Goodbye Washington Consensus? More than a decade has passed since economists and policy makers have claimed that the attempt to prescribe a set of measures and policies that will enhance economic development, known as the Washington Consensus, was doomed to failure and is no longer relevant. This paper demonstrates that the Washington Consensus is in fact enforced on states through the interpretation and application of international investment agreements (IIAs), and specifically the fair and equitable (FET) standard. Using an innovative empirical analysis of all public investment arbitration awards published until 2015 in which FET claims are discussed (N=120), the results presented here infer that cases involving measures inconsistent with the Washington Consensus have up to a 45 percent higher chance of being found in violation of FET than other cases (p
Table of Contents I. Introduction II. IIAs, FET and States' Regulatory Space III. The Rise and Fall of the Washington Consensus and its Effects on IIAs and FET IV. Empirical Analysis--The Role of the Washington Consensus in the Application of the FET Standard by Investment Tribunals A. Previous Empirical Studies of Investment Arbitration B. Empirical Strategy C. Data D. Results V. Conclusion I. Introduction
In a well-known article titled "Goodbye Washington Consensus, Hello Washington Confusion?" published more than a decade ago, Dani Rodrik declared that "it is fair to say that nobody really believes in the Washington Consensus anymore. The question now is not whether the Washington Consensus is dead or alive; it is what will replace it." (1) The Washington Consensus is a term describing the main policies prescribed by international financial organizations such as the World Bank during the 1990s to enhance development. (2) Critics have stressed that the Washington Consensus reflects a neo-liberal economic ideology that does not suit all states and could hinder their development. (3) Throughout the early 2000s the Consensus lost its popularity, with many recognizing its drawbacks and abandoning its guidelines. Consequently, Rodrik and others have claimed the Consensus is dead and no longer plays a role in the policy frameworks of states. (4)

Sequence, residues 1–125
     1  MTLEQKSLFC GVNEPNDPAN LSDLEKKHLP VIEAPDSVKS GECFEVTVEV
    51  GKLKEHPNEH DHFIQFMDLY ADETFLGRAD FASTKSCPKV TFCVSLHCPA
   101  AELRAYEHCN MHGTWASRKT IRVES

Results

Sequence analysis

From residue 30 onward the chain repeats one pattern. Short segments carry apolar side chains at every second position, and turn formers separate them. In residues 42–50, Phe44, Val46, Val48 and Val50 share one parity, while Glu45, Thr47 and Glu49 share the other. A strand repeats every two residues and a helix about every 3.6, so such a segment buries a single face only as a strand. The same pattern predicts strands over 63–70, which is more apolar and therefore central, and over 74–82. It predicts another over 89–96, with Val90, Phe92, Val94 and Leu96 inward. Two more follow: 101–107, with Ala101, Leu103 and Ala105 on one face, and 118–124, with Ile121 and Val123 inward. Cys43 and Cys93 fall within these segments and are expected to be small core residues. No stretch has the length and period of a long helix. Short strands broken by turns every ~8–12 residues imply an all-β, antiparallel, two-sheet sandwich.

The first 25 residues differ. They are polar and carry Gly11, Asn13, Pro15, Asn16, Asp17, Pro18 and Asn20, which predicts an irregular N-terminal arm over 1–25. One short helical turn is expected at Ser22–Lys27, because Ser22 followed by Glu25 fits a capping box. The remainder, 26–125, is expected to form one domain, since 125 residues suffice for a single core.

This paper argues that despite Rodrik's declaration, the Washington Consensus is still here. The international investment legal framework it left behind, based on thousands of international investment agreements (IIAs), still calls states to obey this supposedly long-gone Washington Consensus. I explore this possibility here by focusing on one of the most frequently invoked clauses in international investment arbitration disputes: Fair and Equitable Treatment (FET). (5) The article demonstrates that there is a statistically significant greater chance that arbitration tribunals will determine a state violated the FET standard if it adopted measures inconsistent with the Washington Consensus. Accordingly, this paper stresses that if states want to adopt measures that are inconsistent with the Washington Consensus, they should strive actively to allow such measures by adapting their IIAs respectively.